Millennium Post

City traders say they feel left out

The 2017 Union Budget had taken into account the adverse effects of demonetisation and as expected, has been pegged as a 'pro-poor Budget', as the salaried middle class and the farmers were provided the lion's share of the Budget.

But the BJP's core constituency — the traders — believe that they have been left out in the Budget. They have claimed that there were no radical changes to correct the adverse effects of demonetisation and have pegged Arun Jaitley's speech as a "cosmetic juggling of facts".

The traders based out in Central Delhi's Chandi Chowk area believe that they are being taken for granted, as the 'pro-poor' Budget is a poll gimmick. Speaking to Millennium Post, Pradeep Gupta, President of Chemical Merchants Association said: "This Budget has not taken the traders into consideration. The wholesale markets in the Walled City have been suffering from a slump due to the cash crunch and it will take a year to rectify the same. We thought that they would come up with radical measures but this Budget was a cosmetic juggling of facts."

Inside the Walled City, the wholesale traders, many of them who have voted for the BJP, have now claimed that the party, in a bid to win over the poor and the middle-class, have taken them as a granted voting bank.

Many of them had recently attended a meeting with the BJP state president, Manoj Tiwari, in which they were asked about their expectations from the Budget and how the demonetisation move had benefited them. "For the first time, I saw traders venting their ire. Many of them had decried the move and then told Tiwari to take them to Red Fort and shoot them with cannons," Pradeep added.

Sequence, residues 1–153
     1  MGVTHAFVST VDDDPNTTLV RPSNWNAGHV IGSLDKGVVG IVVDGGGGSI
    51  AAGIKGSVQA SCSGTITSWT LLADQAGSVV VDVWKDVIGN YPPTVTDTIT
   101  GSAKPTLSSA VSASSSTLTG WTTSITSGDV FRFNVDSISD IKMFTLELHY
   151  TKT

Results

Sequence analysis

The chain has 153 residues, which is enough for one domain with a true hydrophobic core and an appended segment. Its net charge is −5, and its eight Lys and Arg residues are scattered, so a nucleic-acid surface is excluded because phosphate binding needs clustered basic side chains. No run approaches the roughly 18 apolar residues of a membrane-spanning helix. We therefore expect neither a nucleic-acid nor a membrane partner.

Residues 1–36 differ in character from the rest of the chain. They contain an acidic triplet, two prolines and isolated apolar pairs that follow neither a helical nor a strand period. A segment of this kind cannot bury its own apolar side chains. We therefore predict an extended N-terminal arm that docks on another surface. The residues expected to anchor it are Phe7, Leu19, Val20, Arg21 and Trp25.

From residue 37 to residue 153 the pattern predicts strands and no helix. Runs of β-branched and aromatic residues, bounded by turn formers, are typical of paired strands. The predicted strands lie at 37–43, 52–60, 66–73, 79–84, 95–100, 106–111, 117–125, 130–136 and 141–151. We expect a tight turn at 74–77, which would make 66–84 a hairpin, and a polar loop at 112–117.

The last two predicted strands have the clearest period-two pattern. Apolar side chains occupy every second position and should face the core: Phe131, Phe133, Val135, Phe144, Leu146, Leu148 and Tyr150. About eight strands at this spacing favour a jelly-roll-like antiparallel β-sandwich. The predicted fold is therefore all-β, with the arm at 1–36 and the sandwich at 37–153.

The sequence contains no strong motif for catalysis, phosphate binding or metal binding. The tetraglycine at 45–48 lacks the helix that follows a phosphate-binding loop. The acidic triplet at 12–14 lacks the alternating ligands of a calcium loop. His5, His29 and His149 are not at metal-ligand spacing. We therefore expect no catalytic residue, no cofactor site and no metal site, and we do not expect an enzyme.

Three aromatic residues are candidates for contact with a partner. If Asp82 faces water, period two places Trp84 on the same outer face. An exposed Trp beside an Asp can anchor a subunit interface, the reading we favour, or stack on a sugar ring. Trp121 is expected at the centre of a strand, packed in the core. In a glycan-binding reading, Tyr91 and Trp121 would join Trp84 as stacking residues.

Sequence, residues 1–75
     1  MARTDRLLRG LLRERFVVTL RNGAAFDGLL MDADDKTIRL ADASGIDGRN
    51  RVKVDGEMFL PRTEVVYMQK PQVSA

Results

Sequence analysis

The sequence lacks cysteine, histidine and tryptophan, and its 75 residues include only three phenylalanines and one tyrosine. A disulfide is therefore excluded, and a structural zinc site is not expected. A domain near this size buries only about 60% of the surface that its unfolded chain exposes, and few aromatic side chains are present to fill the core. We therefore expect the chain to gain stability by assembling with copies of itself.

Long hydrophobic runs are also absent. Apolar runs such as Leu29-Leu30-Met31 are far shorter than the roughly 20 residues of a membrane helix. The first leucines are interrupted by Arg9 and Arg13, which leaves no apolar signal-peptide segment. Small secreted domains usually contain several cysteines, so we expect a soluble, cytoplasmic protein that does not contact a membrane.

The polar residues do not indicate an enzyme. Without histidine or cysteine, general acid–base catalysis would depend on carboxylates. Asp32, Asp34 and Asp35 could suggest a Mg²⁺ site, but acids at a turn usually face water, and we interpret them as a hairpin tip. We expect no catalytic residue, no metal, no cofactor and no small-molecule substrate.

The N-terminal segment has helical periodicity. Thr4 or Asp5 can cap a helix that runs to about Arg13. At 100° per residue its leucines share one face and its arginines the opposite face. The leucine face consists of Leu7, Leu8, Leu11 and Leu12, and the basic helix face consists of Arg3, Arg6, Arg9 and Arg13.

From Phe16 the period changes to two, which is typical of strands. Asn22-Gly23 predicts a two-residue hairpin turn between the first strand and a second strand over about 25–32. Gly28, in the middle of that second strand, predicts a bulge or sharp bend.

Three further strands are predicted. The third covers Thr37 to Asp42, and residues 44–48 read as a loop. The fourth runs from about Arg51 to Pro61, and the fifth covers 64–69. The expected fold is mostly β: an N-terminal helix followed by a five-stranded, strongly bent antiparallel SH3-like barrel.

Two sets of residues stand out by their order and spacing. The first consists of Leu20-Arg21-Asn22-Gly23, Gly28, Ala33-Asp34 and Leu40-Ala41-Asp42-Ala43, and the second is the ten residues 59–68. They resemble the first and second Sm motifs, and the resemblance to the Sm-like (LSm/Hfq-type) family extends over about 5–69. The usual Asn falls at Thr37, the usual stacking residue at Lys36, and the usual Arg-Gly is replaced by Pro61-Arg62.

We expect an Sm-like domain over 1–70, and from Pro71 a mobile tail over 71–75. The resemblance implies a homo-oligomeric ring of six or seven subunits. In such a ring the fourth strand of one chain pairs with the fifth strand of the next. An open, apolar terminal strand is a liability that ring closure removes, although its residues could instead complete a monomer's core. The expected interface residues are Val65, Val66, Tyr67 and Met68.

The reason for the widespread disenchantment was fall in the sales of various wholesale markets which have forced many of them to focus on Chinese goods. "The citric making industries have collapsed, the Chinese flood out markets with their cheaper products and since it's an essential commodity, we can't refuse them. The campaign to ban Chinese goods was an eyewash. We have somehow managed to make ends meet despite the cash crunch," said Sushil Goel, who works at Tarun Chemical Company in Tilak Bazar.

Many traders have also welcomed the move to reduce the tax slabs to 5 per cent for those in the tax slab of Rs 3-5 lakh and the tax free limit raise to Rs 3 lakh. They believe that this will improve the spending of the middle-class bringing in the much needed cash flow in the market. Yogesh Singhal, vice-president, The Bullions and Jewellers said: "This is a good Budget, it will bring relief to the common man and also the 25 per cent tax against the earlier 30 per cent for companies with a turnover of Rs 50 crore will boost growth for the traders."

But there are many jewellers who believe that the war against black money has hit them the hardest, as they claim that their entire trade has been painted as corrupt. After the Budget, many of them are now waiting for tax raids. "They caught 15-20 bank managers and then gave the banking industry a clean chit. But they have been conducting raids from Delhi to Mumbai and have painted us as corrupt. Now people trading in gold are seen as smugglers. Nobody wants to be seen with us. I fear taking even Rs 1 lakh to conduct business as I fear the raids. We want to give tax but there are no incentives to provide us with social security like the farmers," said a jeweller based in Kucha Mahajani.
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